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September 23, 2015

Student Wins Humor Prize for Bee Sting Research

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Many people vividly remember their first bee sting, but Michael Smith grad will be sure to remember the more than 100 stings he experienced all over his body from his skull to his penis, which eventually yielded his Ig Nobel Prize.

Last Thursday, Smith received The Ig Nobel Prize, which honors humorous scientific research that “first makes you laugh, then think.” The award presentations are a parody of the Nobel Prizes and often feature real Nobel Laureates awarding Ig Nobels to researchers.

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Clad in a honeybee costume, Smith received the Entomology and Physiology Prize along with his collaborator Justin Schmidt, the creator of the Schmidt Pain Index, which measures the pain of stings from different insects on a scale of zero to four.

“Humor is really important in science,” Smith said. “Nobody should be taking themselves too seriously. It’s a good way to get people interested and encourages people to explore new stuff.”

Smith, who is a graduate student in neurobiology and behavior, said his research on honeybee stings intended to study the pain levels of stings in correlation to location on the human body.

Working with Schmidt to determine which parts of the body to test, Smith said he had honeybees sting him on 25 body parts three times, rating the pain on a scale from one to 10.

According to Smith’s report, the body parts where stings hurt the least were the skull, middle toe tip and upper arm, which all scored a 2.3, whereas the body parts that hurt the most were the nostril, upper lip and the penis shaft, scoring a 9.0, 8.7 and 7.0 respectively.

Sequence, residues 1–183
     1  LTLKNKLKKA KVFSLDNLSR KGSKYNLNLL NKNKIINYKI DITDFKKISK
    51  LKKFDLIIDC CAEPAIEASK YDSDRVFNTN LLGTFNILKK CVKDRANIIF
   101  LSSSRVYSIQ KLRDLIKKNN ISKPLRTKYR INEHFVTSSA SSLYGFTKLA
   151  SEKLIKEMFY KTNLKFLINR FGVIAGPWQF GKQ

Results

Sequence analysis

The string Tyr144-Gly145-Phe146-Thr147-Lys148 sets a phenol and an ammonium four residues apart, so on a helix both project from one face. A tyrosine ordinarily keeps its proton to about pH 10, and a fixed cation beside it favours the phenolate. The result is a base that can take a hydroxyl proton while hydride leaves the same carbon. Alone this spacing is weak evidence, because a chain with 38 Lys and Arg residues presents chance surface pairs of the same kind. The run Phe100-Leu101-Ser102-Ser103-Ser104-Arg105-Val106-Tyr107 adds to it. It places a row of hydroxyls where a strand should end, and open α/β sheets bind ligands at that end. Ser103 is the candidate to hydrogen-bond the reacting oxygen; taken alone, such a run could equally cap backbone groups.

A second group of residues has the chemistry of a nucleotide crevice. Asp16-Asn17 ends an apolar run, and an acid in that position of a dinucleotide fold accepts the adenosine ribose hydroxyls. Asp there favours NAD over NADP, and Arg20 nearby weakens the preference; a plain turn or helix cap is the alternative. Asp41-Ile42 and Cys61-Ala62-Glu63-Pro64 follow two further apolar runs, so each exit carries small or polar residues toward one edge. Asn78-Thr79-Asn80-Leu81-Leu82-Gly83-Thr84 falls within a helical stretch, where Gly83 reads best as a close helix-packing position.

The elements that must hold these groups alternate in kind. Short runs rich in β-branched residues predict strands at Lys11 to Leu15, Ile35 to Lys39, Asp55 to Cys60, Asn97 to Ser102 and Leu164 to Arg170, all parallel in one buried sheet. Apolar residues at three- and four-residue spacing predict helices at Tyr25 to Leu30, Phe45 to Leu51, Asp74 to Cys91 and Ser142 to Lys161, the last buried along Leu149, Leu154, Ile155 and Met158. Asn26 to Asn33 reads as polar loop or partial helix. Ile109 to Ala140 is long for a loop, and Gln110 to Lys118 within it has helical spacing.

Smith, who first became interested in honeybees while beekeeping in high school, said, “I’ve been working with honeybees for 10 years, so being stung is just a part of the work. As a scientist, when there’s a question, I have to go through with it in order to get an answer.”

In addition, he added that he chose honeybees because they scored in the middle range of Schmidt’s Pain Index.

“I just fell in love with [the honeybees],” Smith said. “They’re a really cool superorganism. They’re all individuals, but they’re working as one.”

Through this study, Smith concluded that location is a reliable predictor of pain when it comes to stings.

When not working on his research, Smith said he is an active member of the Beekeeping Club and Cornell Garden Plots.

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